The death of Colonel Muammar Gaddafi has had a devastating effect on AU finances amid reports that the late Libyan president would bail out member states struggling to pay their membership fees.
Gaddafi, who was killed last year by rebels in his country after refusing to step down, was one of the top five leaders in Africa in terms of contributions to the AUs coffers.
The issue was raised by a Kenyan member of Kiema Kilonzo during a briefing with an official from the AU peace and security department at the organisations headquarters in Addis Ababa this week.
The briefing was part of an inter-parliamentary dialogue on climate change and peace and security in Africa hosted by the Friedrich Ebert Stiftung Foundation. The legislators were drawn from 14 countries across the continent, including Zimbabwe.
Kilonzo asked a representative of the peace and security department, Norman Mlambo to comment on allegations that the death of Gadaffi had financially crippled the AU.
According to reports, Gaddafi would come to the rescue of a number of African countries that could not afford membership fees and reports are that he would cover almost one third of Africas contribution to the budget.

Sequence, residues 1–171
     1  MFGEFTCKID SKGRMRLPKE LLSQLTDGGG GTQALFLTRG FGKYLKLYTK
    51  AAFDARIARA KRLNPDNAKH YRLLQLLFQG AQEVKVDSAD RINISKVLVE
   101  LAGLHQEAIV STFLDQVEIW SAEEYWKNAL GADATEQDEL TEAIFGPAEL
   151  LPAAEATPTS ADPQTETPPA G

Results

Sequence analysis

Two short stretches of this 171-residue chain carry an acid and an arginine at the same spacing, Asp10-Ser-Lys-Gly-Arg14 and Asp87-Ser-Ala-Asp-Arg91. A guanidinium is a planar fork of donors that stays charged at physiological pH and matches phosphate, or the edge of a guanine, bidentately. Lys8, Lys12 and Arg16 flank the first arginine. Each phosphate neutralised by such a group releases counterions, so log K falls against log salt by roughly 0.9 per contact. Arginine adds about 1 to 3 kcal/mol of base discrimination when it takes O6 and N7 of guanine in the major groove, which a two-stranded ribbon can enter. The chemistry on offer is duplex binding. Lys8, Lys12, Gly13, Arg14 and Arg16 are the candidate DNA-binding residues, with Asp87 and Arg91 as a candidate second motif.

The MPs were also concerned by what they said was AUs reluctant response to the crisis in Libya and other revolutions in northern Africa, saying the continental body acted like a puppet of the West.
However, Mlambo dismissed the perception that Gadaffi was at the forefront of funding AU saying funding came from partners.
He however conceded that Libya was a big contributor financially and was part of the best five in terms of contributions.
They are called the big five in the sense that they never miss their contribution and sometimes as in the case of Libya, whereas when some member states failed to pay their annual contribution it happened that Libya would pay for some of these countries.